New York—The international community needs to act to prevent another Christmas massacre and the almost daily killing sprees by the most brutal and long-running rebel group in Africa said aid agencies in a new report released today. Massacres meted out by the Lord’s Resistance Army (LRA) against remote communities in Sudan, the Central African Republic (CAR) and the Democratic Republic of Congo (DRC) over the past year have been among the worst in the LRA’s 20-year bloody history.
New figures show that over the past two years the LRA has become the most deadly militia in the DRC. In the last year alone more than 1,000 people have been killed or abducted in nearly 200 separate attacks in two remote districts of DRC – almost four attacks a week across an area approximately the size of the UK.
On Christmas Eve 2008 and over the following three weeks, 865 women, men and children were savagely beaten to death and hundreds more abducted by the LRA in north-eastern DRC and southern Sudan. Last year, between 14 and 17 December 2009, LRA commanders oversaw the killing of more than 300 people. These attacks have largely gone unnoticed by the outside world.
“It is unbelievable that world leaders continue to tolerate brutal violence against some of the most isolated villages in central Africa and that this has been allowed to continue for more than 20 years,” said Marcel Stoessel, Head of Oxfam in DRC. “This Christmas families in north-eastern Congo will live in fear of yet another massacre, despite the presence of the world’s largest peacekeeping mission.”
The LRA is highly mobile and attacks women as they perform their daily tasks – fetching water or tending to their fields – and children as they return from school. The LRA abducts, mutilates, rapes and kills women, men and children, using extreme violence against the most vulnerable.
A new report, Ghosts of Christmas Past, launched today by 19 humanitarian and human rights organisations says the safety and welfare of women, men and children across the vast LRA-affected area must finally be given the decisive attention it demands.
“The LRA is mostly comprised of abducted or coerced adults and children who have been forced to commit horrific acts against their community, making it impossible for them to return home,” said Mark Waddington CEO of War Child UK. “Children are forced to kill and rape, and many are used as ‘sex slaves’.
“This must not be allowed to continue. The international community must work harder to implement the recommendations in the report and promote the safe release of LRA abductees and support their reintegration back into their families and daily life, particularly girls, who are often neglected in such processes.”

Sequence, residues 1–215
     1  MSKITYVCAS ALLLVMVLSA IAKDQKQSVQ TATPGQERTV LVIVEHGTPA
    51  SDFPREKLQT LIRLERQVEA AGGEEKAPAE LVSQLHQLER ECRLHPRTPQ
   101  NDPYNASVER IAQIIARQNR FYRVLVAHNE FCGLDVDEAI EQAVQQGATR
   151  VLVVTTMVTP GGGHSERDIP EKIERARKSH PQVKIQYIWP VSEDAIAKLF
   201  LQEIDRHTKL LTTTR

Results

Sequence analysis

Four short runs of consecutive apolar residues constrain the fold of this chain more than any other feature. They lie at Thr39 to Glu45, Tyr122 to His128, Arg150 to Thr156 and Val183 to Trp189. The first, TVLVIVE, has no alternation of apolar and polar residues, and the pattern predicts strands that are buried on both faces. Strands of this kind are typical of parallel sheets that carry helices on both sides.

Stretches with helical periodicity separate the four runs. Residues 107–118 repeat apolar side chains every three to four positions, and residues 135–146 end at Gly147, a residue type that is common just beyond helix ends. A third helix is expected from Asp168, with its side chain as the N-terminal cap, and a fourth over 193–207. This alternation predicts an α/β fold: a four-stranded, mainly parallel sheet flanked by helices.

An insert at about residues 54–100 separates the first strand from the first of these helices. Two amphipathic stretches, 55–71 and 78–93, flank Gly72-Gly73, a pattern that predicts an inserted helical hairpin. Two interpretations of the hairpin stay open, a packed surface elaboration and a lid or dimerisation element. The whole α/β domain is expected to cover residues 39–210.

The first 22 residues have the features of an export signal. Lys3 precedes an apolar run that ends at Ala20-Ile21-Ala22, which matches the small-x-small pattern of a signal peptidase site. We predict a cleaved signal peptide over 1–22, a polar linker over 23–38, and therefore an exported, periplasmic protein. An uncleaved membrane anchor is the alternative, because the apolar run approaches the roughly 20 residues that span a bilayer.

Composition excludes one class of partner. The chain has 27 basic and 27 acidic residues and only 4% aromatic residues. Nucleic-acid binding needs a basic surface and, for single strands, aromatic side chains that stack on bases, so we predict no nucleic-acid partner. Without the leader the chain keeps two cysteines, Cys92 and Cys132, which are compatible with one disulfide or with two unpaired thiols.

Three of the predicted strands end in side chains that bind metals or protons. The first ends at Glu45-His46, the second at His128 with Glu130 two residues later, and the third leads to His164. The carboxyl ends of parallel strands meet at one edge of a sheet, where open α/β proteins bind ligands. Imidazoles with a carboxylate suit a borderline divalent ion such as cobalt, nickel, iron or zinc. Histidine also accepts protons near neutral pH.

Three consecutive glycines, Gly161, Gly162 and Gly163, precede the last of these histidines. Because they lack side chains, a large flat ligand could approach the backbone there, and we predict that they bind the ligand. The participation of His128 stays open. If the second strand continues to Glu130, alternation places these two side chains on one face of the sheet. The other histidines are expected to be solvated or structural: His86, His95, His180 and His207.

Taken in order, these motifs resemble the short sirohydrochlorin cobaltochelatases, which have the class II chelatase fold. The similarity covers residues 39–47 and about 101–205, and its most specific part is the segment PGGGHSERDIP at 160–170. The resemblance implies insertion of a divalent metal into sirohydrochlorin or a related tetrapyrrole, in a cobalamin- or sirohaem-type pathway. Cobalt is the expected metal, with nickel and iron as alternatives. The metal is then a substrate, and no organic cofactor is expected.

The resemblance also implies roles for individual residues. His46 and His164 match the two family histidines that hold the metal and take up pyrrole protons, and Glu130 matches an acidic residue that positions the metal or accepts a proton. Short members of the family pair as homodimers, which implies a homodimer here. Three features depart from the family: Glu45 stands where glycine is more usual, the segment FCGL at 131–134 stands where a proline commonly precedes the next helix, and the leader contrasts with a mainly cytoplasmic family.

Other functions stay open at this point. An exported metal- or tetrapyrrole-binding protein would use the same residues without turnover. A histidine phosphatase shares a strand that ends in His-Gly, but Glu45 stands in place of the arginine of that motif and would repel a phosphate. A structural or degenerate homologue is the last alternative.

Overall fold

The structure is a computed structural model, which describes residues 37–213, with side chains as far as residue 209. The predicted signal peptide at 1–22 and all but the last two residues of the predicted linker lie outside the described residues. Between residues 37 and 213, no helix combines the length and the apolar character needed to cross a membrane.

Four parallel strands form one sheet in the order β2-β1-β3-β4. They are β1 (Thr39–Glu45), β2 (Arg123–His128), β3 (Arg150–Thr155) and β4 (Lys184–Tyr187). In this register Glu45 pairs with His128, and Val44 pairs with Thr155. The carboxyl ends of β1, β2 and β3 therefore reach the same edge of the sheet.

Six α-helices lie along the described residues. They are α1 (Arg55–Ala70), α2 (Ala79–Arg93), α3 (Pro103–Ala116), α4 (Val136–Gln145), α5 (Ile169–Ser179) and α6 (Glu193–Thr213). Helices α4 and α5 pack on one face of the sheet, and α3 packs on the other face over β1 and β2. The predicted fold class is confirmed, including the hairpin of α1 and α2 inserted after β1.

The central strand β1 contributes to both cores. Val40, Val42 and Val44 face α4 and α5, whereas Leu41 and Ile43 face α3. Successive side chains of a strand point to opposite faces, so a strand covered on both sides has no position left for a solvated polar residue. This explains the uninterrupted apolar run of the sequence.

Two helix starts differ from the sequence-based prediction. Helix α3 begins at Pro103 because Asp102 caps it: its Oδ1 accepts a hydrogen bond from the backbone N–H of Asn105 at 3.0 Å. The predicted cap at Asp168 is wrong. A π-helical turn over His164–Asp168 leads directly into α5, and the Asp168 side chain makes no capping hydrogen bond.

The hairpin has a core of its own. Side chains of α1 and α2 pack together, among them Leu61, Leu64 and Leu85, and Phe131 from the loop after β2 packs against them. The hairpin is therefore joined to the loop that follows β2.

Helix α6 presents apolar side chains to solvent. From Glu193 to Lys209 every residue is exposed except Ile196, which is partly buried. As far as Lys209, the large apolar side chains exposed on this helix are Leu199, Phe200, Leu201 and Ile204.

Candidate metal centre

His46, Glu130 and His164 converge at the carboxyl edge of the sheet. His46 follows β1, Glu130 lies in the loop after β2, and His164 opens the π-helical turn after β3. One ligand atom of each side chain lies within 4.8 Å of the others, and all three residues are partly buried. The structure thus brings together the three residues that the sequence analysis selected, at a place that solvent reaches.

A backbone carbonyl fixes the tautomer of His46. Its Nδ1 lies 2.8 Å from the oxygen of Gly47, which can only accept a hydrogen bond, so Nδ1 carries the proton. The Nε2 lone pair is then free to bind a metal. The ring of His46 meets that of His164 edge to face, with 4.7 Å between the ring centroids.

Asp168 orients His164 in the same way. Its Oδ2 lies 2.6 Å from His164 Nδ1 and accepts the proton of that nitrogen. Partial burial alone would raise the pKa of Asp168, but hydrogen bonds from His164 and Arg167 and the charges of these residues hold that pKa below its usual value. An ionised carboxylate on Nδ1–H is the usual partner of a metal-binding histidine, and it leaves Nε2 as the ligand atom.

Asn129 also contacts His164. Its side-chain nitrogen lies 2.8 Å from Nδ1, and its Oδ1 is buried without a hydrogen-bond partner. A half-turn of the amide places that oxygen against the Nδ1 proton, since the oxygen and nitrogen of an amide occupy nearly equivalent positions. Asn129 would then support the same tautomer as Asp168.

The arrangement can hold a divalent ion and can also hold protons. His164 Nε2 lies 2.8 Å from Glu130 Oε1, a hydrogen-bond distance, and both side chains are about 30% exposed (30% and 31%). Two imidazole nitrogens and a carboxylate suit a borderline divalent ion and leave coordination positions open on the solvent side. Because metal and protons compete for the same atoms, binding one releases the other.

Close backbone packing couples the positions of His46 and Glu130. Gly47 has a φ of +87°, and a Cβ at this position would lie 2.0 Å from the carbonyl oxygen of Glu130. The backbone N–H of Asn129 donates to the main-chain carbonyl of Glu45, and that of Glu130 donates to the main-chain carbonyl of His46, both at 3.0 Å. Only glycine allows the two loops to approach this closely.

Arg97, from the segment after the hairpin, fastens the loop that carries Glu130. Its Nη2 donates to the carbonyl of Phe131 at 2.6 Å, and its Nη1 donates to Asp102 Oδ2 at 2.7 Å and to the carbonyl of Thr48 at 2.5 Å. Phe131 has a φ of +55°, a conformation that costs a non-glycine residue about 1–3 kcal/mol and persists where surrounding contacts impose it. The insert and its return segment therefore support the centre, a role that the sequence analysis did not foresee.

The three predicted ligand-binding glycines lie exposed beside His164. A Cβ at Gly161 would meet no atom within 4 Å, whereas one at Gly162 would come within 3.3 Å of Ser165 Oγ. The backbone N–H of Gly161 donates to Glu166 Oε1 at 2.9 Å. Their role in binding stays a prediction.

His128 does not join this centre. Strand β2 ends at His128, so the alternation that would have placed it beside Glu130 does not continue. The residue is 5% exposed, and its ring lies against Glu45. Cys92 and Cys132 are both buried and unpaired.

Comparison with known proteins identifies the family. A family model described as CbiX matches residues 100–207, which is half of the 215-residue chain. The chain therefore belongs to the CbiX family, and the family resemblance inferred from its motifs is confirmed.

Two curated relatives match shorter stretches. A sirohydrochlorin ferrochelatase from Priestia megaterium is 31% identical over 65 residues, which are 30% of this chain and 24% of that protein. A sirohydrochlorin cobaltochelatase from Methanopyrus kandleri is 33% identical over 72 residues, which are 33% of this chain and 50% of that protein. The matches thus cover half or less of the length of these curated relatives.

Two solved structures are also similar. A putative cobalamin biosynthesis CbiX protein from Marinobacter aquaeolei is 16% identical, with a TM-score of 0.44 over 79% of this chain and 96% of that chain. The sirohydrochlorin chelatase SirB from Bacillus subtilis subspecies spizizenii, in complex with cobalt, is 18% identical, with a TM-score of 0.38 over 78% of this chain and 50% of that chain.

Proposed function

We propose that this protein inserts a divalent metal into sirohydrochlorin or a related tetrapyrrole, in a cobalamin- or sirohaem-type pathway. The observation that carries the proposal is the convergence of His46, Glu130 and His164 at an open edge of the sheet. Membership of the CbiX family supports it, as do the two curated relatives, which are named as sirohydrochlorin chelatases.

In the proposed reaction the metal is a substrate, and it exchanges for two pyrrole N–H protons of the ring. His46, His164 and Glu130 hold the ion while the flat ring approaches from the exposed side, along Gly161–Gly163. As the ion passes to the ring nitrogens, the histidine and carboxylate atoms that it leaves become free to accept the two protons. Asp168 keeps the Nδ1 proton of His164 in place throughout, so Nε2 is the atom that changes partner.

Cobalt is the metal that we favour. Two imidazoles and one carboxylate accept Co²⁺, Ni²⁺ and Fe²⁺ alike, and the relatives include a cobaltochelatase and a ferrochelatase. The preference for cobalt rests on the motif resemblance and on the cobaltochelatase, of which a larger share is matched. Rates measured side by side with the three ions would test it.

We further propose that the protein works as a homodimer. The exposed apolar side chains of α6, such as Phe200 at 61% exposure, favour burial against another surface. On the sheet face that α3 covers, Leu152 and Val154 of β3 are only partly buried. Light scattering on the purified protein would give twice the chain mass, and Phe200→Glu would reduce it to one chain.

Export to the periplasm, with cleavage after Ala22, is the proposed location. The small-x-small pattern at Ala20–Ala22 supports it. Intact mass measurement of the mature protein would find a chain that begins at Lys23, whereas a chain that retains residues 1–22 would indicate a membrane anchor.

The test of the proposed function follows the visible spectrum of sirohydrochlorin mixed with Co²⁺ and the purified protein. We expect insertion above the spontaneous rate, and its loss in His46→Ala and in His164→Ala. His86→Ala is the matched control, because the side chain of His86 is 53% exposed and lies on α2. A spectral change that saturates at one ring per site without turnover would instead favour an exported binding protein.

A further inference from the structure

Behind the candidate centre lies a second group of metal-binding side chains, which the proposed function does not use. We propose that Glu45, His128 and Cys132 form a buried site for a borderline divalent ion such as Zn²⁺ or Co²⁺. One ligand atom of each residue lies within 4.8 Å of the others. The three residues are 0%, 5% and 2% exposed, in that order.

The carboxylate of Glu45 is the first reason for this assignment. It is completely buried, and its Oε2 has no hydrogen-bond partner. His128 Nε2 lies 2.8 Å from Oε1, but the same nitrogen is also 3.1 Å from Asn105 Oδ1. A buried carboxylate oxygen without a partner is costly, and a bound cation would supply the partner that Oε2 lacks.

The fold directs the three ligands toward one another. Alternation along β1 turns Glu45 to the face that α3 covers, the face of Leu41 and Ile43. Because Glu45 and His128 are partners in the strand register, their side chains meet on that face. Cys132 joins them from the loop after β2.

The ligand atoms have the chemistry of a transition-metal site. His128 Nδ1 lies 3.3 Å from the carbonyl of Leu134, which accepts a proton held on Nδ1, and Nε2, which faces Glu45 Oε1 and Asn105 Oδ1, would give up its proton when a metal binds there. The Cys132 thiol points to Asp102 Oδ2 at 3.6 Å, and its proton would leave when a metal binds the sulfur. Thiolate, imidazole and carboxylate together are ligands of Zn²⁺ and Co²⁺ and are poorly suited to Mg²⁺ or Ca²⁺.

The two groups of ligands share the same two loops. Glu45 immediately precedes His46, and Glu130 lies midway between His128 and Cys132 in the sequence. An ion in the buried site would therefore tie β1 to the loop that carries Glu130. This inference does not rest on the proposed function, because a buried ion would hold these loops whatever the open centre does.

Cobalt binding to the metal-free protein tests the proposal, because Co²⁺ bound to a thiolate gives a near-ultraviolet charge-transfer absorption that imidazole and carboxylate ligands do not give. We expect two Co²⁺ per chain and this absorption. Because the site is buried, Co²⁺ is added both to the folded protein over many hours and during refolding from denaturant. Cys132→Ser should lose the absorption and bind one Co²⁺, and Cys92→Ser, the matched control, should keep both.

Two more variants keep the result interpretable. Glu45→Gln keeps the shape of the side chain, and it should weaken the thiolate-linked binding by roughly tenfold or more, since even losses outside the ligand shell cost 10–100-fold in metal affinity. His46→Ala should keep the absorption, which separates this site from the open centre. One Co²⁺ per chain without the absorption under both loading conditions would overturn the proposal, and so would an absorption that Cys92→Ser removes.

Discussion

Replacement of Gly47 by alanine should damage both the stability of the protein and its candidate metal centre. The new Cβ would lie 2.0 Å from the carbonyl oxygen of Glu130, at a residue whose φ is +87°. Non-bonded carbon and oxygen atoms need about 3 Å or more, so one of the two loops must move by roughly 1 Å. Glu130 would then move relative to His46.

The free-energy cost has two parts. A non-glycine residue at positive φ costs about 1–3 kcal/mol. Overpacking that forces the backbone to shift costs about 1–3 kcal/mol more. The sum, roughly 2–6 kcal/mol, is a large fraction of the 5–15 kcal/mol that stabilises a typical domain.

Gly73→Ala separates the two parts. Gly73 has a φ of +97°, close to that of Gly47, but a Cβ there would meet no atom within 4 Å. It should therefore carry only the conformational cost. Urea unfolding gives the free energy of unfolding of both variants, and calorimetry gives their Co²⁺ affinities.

Previous efforts to apprehend the LRA have failed, the report says. In December 2008 Operation “Lightning Thunder,” a military offensive against the LRA, failed to capture any senior rebel commanders. The offensive only prompted brutal retaliations against communities and pushed the LRA further from their native Uganda across an area 20 times larger than before.
Recent signs of diplomatic commitment from the African Union and United States must provide tangible answers that protect the population from violence and find peaceful solutions, agencies say. That should include focusing on the realities of national armies' capacity to keep civilians safe from the LRA, one of the major weaknesses in strategies to date.
“As a regional problem the LRA is no one government’s responsibility,” said Stoessel. “The United Nations Security Council has long neglected to put the LRA as a specific agenda item and has failed to respond seriously to atrocities.
“The international community and regional governments must work together so that families can finally tend to their fields and sleep in their homes free from fear.”
NOTES TO EDITORS
1. ‘Ghosts of Christmas Past’ was produced by organizations working in the affected countries or advocacy groups with a long-standing commitment to resolving the LRA threat: Broederlijk Delen, Cafod, Christian Aid, Conciliation Resources, Cordaid, Danish Refugee Council, Internal Displacement Monitoring Centre, Intersos, Norwegian Refugee Council, Oxfam, Pax Christi Flanders, Peace Direct, Refugees International, Resolve, Society For Threatened Peoples, Tearfund, Trocaire, War Child UK, World vision.